Tombs Of The Blind Dead (1971)

JULY 14, 2011


As I mentioned in my review for Ghost Galleon, I thought I had already seen Tombs Of The Blind Dead (Spanish: La Noche Del Terror Ciego), only to discover I had it confused with two others (my brain is now combining movies, awesome). And thus, despite pissing off most of the known world this week with their price hike, I’m glad Netflix had the film in its uncut, original language form on their streaming service, so I can start to right the wrongs.

A lot of folks told me that Ghost Galleon was pretty weak compared to this, but no one mentioned how similar the two movies are. Once again the plot concerns some folks looking for their friend, a girl who went off alone and was (slowly) killed by the Knights Templar, and once again it’s painfully slow. Hell there’s even another rape scene and other things that I guess were “shout outs” to the original in Galleon. Again, this is why you watch film series in order; the surprises were spoiled by an inferior film, and some of what I liked about Galleon were actually just copied from this movie.

But on the other hand, seeing that one allowed me to appreciate this one a bit more than I might have had I not already had some experience with this particular series. Again, it’s slow (maybe even slower than Galleon), but it’s also far less nonsensical – the characters largely act like human beings instead of falling asleep every five minutes, and there aren’t any out of nowhere plot turns. And it’s very well made; no terrible models and laughable continuity blunders here. Coupled with the transfer (I assume it’s from the Blue Underground disc), this is actually one of the best looking Spanish horror films I’ve seen from the period. Points off for the subtitles though – plain white, no border or drop shadow – very hard to read at times, especially as a good chunk of the film takes place in the daylight. No complaints on the actual titling though; it seems they were actually going with the real text instead of dumbing it down.

The subs also forced me to pay attention, something that might not have happened with a dub track, as the pacing is a nearly critical flaw at times. If I were to provide a synopsis, it might sound pretty exciting, but some areas are stretched out for far too long while others are rushed. When the girl jumps off the train and makes her way to the castle, it seems like we watch her entire journey in real time, and even after she’s inside it takes a lot of wandering before she gets offed. But after she dies, some of the scenes seem like they’re on overdrive, and we keep meeting new characters who ultimately serve no purpose because they don’t join the girl’s friends when they return to the castle to see if they can figure out what happened to her. I mean, when there’s only a half hour left of the 101 minute movie, we shouldn’t still be meeting new characters, period, let alone ones that aren’t even going to be important. I want all of these folks to meet up with some Knights Templar!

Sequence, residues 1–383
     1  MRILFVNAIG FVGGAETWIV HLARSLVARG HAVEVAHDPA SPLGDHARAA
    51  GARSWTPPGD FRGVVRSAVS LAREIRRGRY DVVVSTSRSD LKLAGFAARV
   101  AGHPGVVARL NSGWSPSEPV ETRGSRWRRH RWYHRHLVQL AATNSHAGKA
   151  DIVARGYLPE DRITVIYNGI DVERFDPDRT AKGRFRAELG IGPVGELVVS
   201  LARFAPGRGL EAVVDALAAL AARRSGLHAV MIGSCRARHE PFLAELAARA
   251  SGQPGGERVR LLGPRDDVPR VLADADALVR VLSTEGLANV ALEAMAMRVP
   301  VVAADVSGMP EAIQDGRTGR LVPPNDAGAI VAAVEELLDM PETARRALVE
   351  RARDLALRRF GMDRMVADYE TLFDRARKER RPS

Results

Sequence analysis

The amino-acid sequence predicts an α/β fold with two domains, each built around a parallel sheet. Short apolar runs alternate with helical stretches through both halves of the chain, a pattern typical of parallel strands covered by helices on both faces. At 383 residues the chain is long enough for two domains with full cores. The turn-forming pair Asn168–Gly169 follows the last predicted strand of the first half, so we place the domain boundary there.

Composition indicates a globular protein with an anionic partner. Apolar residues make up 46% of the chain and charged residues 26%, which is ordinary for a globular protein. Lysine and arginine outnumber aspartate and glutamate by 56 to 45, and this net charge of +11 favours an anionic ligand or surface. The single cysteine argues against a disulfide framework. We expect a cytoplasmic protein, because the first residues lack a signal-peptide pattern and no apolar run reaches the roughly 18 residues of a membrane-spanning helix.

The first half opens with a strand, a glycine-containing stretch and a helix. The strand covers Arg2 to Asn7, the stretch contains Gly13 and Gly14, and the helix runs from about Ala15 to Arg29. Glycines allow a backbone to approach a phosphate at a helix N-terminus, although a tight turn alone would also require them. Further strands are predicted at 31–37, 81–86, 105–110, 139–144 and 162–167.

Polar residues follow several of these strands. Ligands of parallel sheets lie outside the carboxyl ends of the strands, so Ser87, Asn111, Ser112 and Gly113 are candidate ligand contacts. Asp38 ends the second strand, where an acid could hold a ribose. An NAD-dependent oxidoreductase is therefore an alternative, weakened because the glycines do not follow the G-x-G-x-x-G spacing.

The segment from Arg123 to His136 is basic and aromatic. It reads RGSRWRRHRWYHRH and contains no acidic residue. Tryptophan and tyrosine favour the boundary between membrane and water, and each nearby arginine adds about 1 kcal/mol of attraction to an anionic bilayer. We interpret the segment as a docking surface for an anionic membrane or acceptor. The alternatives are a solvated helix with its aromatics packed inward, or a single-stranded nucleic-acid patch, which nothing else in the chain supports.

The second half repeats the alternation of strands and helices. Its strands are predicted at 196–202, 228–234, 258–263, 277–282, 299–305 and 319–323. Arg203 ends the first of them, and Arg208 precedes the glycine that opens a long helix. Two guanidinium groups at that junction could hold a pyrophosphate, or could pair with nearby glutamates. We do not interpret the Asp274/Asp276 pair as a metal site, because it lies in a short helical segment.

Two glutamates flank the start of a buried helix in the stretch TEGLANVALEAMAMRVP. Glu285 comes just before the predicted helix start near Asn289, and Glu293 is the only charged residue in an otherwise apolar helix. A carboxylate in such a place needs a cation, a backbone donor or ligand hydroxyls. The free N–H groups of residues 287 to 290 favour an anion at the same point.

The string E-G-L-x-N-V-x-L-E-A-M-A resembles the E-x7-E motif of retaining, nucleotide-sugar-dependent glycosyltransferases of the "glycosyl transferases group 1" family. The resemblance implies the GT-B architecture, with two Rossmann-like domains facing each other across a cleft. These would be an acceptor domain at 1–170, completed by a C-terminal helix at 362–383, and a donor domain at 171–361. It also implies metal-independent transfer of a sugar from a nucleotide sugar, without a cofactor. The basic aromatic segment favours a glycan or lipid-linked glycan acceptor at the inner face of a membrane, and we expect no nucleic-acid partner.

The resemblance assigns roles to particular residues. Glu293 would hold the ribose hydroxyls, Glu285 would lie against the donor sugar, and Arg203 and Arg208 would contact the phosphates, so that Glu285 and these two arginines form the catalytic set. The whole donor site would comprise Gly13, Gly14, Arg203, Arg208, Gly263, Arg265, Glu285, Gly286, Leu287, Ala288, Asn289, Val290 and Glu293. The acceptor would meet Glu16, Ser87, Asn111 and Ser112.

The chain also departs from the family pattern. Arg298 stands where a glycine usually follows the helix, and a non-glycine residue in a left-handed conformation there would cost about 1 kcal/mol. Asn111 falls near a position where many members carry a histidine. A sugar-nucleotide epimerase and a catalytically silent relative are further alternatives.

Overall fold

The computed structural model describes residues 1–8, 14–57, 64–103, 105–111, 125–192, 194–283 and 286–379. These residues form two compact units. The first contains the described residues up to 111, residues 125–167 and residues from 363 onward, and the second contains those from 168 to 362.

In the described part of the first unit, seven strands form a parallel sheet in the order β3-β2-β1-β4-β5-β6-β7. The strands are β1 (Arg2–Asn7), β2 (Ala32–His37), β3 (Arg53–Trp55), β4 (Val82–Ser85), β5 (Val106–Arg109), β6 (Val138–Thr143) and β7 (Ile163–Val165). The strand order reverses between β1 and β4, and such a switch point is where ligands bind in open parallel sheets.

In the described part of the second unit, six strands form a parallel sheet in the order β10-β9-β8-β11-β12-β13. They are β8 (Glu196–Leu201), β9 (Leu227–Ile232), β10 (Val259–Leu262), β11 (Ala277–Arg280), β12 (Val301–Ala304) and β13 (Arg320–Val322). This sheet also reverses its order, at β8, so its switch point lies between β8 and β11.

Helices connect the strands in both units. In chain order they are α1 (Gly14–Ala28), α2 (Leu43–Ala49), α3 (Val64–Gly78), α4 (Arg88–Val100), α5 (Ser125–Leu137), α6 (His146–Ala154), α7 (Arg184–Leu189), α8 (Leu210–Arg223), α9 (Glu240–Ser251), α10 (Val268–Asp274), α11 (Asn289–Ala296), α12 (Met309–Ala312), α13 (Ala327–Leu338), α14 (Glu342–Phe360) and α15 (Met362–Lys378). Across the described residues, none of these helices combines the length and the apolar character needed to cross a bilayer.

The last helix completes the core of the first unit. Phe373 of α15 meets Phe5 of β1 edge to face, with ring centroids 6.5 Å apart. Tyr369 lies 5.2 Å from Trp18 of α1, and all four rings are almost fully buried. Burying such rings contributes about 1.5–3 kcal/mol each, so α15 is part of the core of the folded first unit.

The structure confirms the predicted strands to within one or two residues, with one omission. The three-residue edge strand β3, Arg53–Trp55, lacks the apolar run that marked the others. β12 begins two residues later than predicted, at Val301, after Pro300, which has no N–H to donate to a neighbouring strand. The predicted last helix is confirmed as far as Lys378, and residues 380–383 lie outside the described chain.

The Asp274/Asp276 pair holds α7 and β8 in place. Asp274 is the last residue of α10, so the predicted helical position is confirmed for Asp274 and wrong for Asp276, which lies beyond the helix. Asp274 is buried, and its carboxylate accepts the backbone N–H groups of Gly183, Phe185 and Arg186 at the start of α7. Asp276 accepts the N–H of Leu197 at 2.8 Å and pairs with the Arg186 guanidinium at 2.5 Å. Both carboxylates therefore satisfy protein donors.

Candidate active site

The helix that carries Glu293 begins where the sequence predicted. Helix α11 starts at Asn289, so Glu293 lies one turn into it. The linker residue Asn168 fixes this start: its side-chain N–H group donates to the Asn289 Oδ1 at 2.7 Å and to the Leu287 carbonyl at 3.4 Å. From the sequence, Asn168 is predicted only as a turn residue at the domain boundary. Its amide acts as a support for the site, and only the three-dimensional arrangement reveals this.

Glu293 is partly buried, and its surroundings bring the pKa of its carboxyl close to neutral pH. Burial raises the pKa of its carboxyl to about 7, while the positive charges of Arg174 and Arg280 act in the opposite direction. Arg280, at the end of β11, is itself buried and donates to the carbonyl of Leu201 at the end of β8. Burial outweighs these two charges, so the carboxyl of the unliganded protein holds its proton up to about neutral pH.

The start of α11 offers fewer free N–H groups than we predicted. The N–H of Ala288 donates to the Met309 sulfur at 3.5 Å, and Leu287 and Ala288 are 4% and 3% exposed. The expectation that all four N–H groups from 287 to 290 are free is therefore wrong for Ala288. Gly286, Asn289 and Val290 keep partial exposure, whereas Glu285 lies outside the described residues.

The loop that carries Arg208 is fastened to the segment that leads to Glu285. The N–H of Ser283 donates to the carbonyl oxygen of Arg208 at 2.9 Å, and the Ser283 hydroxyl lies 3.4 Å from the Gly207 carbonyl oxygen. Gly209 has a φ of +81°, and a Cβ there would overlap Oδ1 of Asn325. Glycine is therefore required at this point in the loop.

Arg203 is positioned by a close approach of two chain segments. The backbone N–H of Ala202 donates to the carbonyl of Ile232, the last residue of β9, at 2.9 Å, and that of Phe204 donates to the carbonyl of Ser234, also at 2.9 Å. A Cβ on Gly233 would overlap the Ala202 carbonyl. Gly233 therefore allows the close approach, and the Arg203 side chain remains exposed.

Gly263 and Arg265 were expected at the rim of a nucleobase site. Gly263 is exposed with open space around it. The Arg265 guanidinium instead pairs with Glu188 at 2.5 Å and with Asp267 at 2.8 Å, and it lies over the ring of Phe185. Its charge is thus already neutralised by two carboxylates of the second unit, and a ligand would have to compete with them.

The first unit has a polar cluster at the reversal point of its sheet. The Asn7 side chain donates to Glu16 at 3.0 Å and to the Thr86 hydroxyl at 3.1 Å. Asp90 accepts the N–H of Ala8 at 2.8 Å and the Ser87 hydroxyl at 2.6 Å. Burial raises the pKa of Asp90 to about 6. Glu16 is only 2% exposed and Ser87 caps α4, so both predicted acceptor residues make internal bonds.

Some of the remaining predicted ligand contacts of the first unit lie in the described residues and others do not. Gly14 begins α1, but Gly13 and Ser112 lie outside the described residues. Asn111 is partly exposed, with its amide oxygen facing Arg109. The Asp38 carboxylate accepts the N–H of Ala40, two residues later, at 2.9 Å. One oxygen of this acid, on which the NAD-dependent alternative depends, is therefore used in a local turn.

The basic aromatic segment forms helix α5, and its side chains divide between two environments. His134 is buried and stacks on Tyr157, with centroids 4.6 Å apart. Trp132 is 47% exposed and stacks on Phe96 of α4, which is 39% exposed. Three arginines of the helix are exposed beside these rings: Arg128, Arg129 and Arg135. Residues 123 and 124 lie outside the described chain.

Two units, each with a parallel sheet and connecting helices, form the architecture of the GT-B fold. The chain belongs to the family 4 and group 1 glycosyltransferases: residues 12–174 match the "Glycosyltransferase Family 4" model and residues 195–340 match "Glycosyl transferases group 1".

There are also two sexualized scenes that are both unnecessary and awkwardly placed. One is a flashback to how the Knights were “born” (involving whipping a naked woman and then drinking her blood), and that’s fine, but it comes at the halfway point of the movie, which is a bit jarring. And the rape scene is wholly pointless; even for this movie it just slows down the climax (it occurs 20 minutes before the end of the film, and that includes the end credits) and doesn’t really serve much of a purpose – we know the guy’s an asshole already and most likely a goner, why beat it into our heads this much? Apparently the US version cut these (and other) scenes; I gotta admit, I think they made the right call in this particular instance (they also moved the flashback to the beginning of the movie, which spoils the mystery a bit too soon but at least doesn’t harm the pace, in theory).